On her mother’s side, Ms. Cole has three siblings, and on her father’s, eight. Ichelle Cole, who still lives in Baltimore part-time, is the lead singer in a reggae band, Strykers Posse, and a longtime wealth adviser at PNC Bank. Mr. Cole “is a brilliant man,” she said. “I learned about hustle and grit from him.”

Ms. Cole graduated from Clark Atlanta University in 2009 with a degree in mass media. In 2010 she moved to Los Angeles, where a Delta Sigma Theta sorority sister led her toward her first TV job as a producer on the reality show “Judge Karen’s Court.” “I was really good at it, and I kept getting promoted,” she said.

Investors have since figured out that she is really good at marketing, too. In 2021, the Danny Meyer’s Union Square Hospitality Group and Richelieu Dennis’s New Voices Fund invested millions of dollars in Slutty Vegan. Last year, it was valued at $100 million, according to Fortune. Ms. Cole estimates that three-quarters of her customers are meat eaters.

Mr. Hayes, 36, grew up in West Philadelphia, the youngest of Dinah and David Hayes’s three children. As a teenager, he had legal troubles. Instead of getting sent to jail on drug charges, though, he was given a second chance.

In 2014, five years after his father died of lung cancer, he moved to Atlanta and scraped together enough money to open a 700-foot restaurant in a Shell gas station in Dunwoody, Ga. The man who leased the station, a stranger, “was the only guy that would rent me a space,” he said.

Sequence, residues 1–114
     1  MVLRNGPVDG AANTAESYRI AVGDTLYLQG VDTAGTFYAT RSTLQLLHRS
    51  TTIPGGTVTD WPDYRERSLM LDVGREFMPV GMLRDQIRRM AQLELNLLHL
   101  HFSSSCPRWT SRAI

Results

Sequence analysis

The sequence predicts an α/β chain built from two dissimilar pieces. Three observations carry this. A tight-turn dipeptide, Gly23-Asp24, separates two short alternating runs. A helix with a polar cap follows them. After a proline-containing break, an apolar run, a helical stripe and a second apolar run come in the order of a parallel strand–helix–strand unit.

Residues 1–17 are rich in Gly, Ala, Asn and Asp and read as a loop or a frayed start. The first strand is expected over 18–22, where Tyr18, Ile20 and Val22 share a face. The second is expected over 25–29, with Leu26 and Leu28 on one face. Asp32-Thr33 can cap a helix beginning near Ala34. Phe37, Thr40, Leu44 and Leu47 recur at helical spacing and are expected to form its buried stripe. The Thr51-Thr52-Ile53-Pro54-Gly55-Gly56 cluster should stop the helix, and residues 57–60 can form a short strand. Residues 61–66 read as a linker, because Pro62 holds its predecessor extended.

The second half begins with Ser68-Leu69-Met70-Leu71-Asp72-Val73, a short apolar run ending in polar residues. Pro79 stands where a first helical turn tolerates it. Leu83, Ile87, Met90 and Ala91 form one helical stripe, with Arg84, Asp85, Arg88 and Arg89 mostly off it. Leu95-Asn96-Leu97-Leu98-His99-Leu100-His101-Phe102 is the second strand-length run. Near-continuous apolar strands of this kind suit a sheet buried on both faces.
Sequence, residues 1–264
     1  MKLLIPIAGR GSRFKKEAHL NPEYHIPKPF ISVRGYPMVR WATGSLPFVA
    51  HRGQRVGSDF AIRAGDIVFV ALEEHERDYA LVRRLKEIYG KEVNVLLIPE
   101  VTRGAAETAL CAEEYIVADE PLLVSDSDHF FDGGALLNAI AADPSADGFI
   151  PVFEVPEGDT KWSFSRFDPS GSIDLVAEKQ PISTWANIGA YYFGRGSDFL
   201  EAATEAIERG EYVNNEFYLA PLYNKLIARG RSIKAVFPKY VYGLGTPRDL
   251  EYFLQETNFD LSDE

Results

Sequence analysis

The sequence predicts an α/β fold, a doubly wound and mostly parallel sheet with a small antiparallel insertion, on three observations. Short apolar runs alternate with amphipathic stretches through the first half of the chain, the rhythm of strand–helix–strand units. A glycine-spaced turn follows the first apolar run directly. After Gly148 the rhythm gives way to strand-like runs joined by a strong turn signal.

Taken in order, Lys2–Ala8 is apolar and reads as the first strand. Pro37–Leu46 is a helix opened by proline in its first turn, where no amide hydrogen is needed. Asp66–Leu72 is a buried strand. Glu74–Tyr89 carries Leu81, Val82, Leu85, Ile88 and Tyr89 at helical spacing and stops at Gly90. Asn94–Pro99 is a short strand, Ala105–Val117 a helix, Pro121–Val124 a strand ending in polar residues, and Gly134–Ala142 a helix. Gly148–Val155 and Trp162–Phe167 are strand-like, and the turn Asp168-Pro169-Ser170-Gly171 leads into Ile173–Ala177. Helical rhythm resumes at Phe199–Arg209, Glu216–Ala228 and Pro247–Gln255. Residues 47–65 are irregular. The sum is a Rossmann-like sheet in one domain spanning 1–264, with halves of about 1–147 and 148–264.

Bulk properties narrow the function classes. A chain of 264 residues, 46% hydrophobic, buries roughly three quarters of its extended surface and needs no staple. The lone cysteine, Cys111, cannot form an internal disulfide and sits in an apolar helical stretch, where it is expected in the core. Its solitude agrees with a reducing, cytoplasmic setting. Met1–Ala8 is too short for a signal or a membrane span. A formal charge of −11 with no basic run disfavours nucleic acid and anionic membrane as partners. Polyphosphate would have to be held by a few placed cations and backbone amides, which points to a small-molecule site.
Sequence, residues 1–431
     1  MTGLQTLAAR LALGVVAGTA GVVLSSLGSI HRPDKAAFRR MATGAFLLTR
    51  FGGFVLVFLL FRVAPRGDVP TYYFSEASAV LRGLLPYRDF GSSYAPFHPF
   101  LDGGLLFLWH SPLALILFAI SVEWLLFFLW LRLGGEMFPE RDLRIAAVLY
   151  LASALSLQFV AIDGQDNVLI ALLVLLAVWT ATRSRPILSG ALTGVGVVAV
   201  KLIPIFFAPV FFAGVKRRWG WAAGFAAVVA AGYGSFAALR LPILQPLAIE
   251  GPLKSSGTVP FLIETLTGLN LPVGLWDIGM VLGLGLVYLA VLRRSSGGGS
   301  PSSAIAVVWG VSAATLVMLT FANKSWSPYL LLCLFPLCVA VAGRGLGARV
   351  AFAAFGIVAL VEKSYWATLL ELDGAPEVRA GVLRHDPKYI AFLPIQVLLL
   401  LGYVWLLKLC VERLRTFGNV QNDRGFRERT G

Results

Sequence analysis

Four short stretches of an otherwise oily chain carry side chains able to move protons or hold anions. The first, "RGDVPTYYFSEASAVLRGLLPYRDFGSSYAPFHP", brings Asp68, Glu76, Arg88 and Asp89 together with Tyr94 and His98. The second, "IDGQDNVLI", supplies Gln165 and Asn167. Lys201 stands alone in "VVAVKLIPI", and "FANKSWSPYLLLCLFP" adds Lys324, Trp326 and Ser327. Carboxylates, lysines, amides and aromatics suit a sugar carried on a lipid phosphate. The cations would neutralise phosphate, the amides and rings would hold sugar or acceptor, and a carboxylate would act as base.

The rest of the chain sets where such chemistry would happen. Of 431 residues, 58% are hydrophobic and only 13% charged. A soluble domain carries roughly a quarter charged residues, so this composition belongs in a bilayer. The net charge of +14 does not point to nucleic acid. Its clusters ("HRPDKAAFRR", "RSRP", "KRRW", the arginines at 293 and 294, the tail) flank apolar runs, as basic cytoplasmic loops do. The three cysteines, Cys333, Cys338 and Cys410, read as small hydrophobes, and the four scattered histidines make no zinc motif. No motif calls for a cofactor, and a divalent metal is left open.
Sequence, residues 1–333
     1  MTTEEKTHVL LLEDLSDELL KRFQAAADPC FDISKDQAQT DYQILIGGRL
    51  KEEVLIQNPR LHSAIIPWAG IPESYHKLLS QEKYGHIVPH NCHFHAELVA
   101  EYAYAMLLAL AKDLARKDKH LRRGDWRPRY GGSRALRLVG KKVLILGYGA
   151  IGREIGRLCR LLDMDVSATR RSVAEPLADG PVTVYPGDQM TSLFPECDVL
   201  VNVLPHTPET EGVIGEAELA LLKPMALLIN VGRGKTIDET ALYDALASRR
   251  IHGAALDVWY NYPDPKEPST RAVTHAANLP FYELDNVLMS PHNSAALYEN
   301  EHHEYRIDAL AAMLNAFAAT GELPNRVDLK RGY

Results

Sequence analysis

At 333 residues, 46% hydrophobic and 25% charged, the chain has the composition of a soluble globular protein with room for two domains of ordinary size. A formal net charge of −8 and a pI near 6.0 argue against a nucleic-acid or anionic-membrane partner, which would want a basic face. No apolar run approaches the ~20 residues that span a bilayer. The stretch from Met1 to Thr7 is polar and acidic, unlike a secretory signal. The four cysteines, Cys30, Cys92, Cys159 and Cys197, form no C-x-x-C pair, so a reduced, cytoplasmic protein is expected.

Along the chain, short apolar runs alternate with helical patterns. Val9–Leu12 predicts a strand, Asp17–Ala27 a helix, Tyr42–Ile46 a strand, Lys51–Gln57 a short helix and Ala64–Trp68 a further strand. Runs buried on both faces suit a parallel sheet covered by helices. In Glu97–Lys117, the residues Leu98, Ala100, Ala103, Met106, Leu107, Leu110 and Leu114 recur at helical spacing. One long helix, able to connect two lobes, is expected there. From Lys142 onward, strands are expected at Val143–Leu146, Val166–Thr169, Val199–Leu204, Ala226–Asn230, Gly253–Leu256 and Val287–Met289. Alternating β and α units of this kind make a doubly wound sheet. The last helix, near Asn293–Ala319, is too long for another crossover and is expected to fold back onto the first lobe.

The business that mushroomed into Big Dave’s was named for his father. “My father literally died in front of my face,” he said. “He had raised me to stand on my own 10 toes, and I promised him I was going to change my life, that I wasn’t going to get back into the streets.”

Big Dave’s now has seven locations in Georgia, with plans to open in North Carolina this year.

On June 8, 2020, just after Big Dave’s windows were smashed, Ms. Cole and Mr. Hayes met at Café Sunflower, a vegan restaurant in Atlanta. Over lunch, “I realized that this was my person,” he said. “Everything I dreamed about, she dreamed about. Everything from the way she talked to the way she looked drew me to her.”

Ms. Cole thought he was charming. “I was like, OK, he’s handsome and we’ve got a lot in common,” she said.

By the end of lunch, a spell had been cast. Within weeks, both had broken off relationships that they said had been sputtering. Three months later, he had moved into Ms. Cole’s Atlanta apartment and she was pregnant with their first child, D’Ella, who is almost 2. Derrick Jr., who is almost 1, was born the following year.

The juggling of their professional ambitions with parenthood feels almost manageable, the couple said, if only because Ichelle Cole, who now works remotely for PNC, provides full-time child care, with assistance on weekends from Mr. Hayes’s mother. In addition to their two children, Mr. Hayes has two daughters from a previous relationship, Dallas, 9, and Denver, 7, who often stay with them.